Ottawa approves Total's Joslyn oil sands project
Total, the French oil major, and its Canadian, U.S. and Japanese partners aim to start production in 2017-18, hitting a peak of 100,000 barrels a day.
Natural Resources Minister Joe Oliver announced the decision as controversy spreads at home and abroad over the environmental impact of developing and transporting oil sands crude. Ottawa has made boosting and diversifying exports of the unconventional oil a top priority.
Environmental groups at the United Nations climate summit in Durban, South Africa, have been sharply critical of Canada’s aim to foster more development of the vast oil sands resource, which accounts for rising emissions of greenhouse gases.
Still, Mr. Oliver told reporters in Ottawa that a six-year approval process for the Joslyn North project showed the need to streamline regulations for investors in the oil sands, which is part of the federal government’s push. Mr. Oliver said he favours a two-year review process.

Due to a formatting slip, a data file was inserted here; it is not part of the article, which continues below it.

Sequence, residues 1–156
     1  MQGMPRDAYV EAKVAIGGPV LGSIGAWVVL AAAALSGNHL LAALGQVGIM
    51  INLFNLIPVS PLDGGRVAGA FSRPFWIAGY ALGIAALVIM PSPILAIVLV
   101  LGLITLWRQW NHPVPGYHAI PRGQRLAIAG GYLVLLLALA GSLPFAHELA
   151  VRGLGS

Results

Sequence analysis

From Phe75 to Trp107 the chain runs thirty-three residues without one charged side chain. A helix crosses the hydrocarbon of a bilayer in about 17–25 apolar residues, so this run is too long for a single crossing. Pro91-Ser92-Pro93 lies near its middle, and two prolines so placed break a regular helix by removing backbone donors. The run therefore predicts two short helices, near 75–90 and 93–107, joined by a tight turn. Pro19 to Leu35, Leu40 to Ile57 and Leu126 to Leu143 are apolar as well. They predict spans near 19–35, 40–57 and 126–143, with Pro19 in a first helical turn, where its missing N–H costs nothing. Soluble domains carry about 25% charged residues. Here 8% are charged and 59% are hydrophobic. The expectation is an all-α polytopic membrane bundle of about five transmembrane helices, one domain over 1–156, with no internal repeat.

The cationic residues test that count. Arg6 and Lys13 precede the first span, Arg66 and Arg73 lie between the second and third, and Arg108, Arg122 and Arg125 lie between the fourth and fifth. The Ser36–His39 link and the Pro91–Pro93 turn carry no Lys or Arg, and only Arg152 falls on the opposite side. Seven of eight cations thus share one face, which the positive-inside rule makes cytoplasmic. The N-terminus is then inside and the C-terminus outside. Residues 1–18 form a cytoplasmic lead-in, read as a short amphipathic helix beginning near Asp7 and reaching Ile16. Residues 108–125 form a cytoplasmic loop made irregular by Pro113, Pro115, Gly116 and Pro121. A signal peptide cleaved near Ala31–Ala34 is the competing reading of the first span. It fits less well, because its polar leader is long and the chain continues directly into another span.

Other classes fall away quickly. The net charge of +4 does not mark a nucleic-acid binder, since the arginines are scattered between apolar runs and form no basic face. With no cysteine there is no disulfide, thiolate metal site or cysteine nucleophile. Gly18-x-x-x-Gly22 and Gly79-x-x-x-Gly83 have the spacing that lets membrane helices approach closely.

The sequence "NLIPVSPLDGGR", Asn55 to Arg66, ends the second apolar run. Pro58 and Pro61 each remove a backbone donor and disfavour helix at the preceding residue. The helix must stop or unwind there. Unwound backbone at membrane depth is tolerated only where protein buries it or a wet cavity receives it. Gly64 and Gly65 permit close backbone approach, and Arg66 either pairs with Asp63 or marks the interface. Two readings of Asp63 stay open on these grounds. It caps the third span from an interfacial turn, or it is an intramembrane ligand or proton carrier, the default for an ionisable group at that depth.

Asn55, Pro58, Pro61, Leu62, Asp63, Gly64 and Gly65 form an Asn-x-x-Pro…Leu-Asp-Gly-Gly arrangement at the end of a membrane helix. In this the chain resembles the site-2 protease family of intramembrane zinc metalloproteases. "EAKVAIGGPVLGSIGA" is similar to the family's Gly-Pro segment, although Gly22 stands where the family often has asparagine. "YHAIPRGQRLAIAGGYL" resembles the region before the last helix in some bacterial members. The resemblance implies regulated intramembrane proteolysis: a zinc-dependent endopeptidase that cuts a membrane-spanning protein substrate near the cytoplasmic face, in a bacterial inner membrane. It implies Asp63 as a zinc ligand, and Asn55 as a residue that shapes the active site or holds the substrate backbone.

“The oil sands are generating jobs in just about every sector of our economy, from welders to office workers to engineers. But we cannot take these jobs for granted. Oil sands development does not just happen. Investors have other opportunities,” he said.
The approval comes two days after regulators said they extended the hearing process for Enbridge Inc. (ENB-T36.210.411.15%)’s Northern Gateway oil sands pipeline to the Pacific Coast by about a year to the end of 2013, possibly pushing back the start-up date should the controversial project be approved.
The Joslyn North project is located 65 kilometres northwest of the oil sands hub of Fort McMurray, Alta. Total said its construction work force will peak at 4,100 people.
The company said it expects to eventually process the crude at the Voyageur upgrader it plans with partner Suncor Energy Inc. (SU-T29.46-1.05-3.44%)
Total has a 38.25 per cent stake in Joslyn North and is the operator. Suncor holds 36.7 per cent and Occidental Petroleum Corp. (OXY-N92.74-3.53-3.67%) and Japan’s Inpex hold the rest.